HP Opens Up Open Source for Small Businesses

by Ostatic Staff - Dec. 11, 2008

HP has been quirky over the years when it comes to open source. It has been, traditionally, a company that supports open source -- especially in larger enterprises. While large businesses are a major focus for HP -- and it has supported open source in other ways -- a "smaller business" line of open source products has been a long time coming.

HP is approaching this market with both fists flying. Wednesday, it announced two new open source products, geared to small businesses and educational institutions.

HP plans on including its Mozilla Firefox for HP Virtual Solution on more of its business class desktop PCs (to a total of seven models between the HP Compaq dc/dx lines in the US, eight models worldwide).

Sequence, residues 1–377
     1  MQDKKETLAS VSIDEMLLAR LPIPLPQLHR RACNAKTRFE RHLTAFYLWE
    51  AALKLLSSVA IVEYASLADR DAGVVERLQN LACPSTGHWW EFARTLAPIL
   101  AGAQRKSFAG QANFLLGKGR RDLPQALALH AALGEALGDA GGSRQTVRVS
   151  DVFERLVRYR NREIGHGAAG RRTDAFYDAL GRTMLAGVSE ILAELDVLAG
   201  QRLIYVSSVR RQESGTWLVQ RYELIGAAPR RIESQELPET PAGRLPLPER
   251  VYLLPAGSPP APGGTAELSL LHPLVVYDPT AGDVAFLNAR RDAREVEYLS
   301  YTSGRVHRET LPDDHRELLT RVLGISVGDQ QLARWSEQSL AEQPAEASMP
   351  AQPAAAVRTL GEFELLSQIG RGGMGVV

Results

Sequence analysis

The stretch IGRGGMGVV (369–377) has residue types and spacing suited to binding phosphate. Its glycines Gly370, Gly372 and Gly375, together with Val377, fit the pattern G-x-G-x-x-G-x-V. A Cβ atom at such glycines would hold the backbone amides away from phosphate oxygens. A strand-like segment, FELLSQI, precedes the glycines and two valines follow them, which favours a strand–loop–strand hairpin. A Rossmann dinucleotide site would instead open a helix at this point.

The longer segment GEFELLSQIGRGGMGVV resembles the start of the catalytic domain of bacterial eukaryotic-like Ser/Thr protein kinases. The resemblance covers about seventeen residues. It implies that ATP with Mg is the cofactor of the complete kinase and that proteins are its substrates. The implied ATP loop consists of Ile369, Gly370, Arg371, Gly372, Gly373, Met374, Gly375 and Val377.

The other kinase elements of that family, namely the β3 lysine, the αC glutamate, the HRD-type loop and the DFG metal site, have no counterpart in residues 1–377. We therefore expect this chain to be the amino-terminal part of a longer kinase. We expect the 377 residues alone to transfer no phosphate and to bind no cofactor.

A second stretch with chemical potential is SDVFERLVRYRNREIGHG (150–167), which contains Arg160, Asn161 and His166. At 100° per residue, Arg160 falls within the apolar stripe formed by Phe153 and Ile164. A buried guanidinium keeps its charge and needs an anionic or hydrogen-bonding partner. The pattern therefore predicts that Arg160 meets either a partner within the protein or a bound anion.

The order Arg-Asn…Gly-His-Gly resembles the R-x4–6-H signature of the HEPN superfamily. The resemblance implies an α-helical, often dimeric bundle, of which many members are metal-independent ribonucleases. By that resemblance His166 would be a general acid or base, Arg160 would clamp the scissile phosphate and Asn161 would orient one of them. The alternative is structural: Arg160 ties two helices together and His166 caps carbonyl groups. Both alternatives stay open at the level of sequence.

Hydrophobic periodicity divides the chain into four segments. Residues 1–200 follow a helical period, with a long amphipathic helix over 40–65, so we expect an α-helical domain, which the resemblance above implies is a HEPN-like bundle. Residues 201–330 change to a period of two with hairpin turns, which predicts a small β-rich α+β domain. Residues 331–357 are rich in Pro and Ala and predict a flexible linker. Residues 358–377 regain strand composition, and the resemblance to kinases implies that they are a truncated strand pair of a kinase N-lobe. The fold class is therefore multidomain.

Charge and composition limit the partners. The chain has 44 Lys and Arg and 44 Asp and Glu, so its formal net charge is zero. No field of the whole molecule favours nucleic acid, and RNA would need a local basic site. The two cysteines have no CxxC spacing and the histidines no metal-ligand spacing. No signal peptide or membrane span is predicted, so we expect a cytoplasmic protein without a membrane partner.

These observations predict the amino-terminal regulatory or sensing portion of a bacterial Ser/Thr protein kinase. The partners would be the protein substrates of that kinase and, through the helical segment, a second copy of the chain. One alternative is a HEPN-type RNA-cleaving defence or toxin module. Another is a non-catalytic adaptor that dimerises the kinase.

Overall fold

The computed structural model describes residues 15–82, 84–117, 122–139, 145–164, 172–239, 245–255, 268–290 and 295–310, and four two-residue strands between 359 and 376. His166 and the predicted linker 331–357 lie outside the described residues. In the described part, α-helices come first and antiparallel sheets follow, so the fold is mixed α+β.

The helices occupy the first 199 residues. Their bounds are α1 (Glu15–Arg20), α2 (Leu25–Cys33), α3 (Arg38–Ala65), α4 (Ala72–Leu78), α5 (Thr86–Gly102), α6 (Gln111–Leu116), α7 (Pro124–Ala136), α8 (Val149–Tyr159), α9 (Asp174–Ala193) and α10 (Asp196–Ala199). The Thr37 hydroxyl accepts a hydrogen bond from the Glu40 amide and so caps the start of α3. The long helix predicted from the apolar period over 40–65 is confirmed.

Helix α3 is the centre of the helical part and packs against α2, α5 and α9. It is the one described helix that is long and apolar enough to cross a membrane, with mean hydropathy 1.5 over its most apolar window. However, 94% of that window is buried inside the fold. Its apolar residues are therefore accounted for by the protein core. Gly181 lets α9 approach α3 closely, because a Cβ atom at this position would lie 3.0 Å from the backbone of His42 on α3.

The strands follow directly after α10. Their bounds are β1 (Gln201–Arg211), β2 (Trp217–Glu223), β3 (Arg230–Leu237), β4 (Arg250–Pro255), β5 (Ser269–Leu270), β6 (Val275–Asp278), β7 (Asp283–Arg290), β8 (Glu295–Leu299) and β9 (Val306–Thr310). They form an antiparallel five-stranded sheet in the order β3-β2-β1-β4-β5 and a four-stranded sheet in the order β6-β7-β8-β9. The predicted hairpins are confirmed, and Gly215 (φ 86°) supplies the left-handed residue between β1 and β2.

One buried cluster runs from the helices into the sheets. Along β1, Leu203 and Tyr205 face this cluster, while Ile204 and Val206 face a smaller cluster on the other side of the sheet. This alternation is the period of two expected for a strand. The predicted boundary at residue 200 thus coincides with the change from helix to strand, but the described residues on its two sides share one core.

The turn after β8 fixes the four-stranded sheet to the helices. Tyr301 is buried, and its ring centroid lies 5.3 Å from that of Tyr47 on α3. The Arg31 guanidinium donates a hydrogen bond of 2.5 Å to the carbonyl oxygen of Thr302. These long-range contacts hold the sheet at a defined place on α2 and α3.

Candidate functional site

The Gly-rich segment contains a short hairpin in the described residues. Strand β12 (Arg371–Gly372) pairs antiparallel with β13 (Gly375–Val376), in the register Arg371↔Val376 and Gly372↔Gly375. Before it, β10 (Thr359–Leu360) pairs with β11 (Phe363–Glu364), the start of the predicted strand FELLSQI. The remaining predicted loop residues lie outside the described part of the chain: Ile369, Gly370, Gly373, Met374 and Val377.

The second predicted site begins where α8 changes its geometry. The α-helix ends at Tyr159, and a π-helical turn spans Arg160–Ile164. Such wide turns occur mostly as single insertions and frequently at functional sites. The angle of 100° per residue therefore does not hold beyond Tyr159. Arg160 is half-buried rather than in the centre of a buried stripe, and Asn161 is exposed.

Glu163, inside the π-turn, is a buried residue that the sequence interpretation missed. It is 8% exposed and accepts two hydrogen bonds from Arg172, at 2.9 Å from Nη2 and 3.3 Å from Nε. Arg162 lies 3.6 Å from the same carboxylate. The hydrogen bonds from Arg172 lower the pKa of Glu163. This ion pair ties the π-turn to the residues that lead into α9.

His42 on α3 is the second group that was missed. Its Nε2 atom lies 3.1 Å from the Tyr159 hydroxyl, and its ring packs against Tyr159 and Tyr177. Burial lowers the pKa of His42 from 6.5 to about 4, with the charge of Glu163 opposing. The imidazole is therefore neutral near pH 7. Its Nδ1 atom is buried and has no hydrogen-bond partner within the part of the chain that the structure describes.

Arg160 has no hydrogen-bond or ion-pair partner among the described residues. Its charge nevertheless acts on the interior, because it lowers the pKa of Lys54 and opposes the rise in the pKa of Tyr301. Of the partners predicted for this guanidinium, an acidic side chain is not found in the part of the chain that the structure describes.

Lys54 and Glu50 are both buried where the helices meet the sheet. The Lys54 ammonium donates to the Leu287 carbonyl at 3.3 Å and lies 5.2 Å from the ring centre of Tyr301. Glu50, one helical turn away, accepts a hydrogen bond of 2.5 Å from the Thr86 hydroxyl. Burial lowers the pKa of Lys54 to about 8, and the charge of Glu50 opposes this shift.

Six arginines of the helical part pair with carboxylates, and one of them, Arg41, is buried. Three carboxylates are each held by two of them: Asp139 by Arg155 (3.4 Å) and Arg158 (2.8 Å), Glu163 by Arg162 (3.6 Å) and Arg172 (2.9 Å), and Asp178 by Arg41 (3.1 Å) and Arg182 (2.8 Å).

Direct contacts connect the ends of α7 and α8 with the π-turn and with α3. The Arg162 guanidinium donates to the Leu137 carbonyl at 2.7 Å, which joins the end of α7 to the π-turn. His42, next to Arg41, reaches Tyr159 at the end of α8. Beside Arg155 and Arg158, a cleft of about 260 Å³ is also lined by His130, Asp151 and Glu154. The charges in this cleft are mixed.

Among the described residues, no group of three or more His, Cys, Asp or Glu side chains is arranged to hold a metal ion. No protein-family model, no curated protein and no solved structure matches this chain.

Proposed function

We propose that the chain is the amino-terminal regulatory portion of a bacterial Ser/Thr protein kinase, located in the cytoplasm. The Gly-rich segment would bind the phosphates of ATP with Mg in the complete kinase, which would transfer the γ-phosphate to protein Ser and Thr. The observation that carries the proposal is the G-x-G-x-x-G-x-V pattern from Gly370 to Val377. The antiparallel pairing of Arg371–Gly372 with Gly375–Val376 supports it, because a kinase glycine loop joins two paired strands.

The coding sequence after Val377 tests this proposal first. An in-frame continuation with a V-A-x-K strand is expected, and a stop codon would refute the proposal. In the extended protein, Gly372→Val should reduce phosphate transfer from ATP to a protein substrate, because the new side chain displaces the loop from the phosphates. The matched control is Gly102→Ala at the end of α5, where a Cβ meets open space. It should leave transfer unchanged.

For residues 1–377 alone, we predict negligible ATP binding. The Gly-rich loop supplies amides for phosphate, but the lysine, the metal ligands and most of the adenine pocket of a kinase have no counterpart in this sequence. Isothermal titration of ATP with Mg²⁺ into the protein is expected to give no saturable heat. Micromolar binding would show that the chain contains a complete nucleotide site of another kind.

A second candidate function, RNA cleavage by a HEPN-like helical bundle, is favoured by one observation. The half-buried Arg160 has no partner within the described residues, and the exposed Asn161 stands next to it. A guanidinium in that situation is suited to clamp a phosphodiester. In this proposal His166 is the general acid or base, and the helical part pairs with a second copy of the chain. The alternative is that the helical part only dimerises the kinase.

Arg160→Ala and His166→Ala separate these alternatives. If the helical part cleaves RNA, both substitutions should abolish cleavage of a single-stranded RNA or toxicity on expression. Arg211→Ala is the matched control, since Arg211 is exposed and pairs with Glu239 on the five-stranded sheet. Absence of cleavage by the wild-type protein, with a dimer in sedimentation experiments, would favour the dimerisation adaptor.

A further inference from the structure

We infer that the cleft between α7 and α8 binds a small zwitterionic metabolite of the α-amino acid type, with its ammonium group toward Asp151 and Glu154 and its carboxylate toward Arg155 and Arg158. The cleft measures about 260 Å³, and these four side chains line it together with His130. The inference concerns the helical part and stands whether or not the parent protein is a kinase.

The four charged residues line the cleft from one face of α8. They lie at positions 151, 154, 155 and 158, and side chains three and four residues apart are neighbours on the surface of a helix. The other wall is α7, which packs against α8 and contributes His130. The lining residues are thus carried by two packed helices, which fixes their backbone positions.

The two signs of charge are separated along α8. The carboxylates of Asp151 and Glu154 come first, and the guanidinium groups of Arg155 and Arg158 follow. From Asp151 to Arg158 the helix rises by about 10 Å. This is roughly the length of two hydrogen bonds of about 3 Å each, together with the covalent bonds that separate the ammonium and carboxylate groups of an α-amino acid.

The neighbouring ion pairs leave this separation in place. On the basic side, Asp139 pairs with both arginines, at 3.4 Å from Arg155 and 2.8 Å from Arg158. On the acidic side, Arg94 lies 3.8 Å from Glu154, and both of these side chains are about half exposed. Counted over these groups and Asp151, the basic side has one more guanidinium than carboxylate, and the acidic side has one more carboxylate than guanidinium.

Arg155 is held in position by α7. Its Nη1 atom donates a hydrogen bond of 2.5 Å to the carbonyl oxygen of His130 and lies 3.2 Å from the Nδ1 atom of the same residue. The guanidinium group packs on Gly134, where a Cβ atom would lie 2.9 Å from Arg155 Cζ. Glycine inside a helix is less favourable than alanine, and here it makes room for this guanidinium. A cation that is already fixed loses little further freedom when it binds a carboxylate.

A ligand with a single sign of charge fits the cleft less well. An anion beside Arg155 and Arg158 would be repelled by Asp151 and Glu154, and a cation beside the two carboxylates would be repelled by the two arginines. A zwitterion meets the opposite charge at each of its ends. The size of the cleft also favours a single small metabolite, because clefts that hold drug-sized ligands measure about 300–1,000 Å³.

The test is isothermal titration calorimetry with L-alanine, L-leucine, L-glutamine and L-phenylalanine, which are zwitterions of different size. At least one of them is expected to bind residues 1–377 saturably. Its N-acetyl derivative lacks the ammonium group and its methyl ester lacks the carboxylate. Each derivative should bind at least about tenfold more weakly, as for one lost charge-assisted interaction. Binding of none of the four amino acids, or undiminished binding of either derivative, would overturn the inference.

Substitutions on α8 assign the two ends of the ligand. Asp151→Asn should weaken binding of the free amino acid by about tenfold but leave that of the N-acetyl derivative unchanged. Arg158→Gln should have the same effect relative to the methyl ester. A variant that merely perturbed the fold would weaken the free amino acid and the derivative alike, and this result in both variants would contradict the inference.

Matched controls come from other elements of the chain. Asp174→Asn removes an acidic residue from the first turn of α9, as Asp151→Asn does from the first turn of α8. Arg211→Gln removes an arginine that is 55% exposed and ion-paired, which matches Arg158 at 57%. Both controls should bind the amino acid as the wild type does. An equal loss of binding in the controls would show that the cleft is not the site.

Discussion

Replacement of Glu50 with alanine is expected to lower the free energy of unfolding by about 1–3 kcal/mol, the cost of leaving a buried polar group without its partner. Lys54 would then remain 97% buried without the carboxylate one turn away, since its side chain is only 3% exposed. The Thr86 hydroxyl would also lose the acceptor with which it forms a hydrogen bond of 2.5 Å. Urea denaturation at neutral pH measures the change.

The "Firefox for HP Virtual Solution" seems it would have the most value in small businesses with limited IT support. It uses Symantec's SVS virtualization tools to run Firefox (and all related web activity) in a virtualized environment. Essentially, anything done on the web (including installing downloaded applications) that isn't saved to the desktop or "My Documents" folder runs in this virtual environment, and this environment can be reset without losing user profiles.

The significance of this, of course, is that HP uses Firefox to this end. Did the open code make this an easier undertaking? Likely. Did HP need to use Firefox (or any open browser)? Probably not. Will offering this on more small business desktops encourage more people to use Firefox? It would seem so, at least in the work environment.

Come December 15th, HP will also offer Novell's SUSE Linux Enterprise Desktop on its HP Compaq dc5850 model. The base SLED-equipped model will cost $519, and features the usual open source suspects for the small business setting -- OpenOffice, and mail clients such as Evolution. Additionally, HP and Novell are developing a repository for applications specific to educational settings. Many of the applications will be centered on students, but HP and Novell plan on incorporating school administration and instruction applications as well.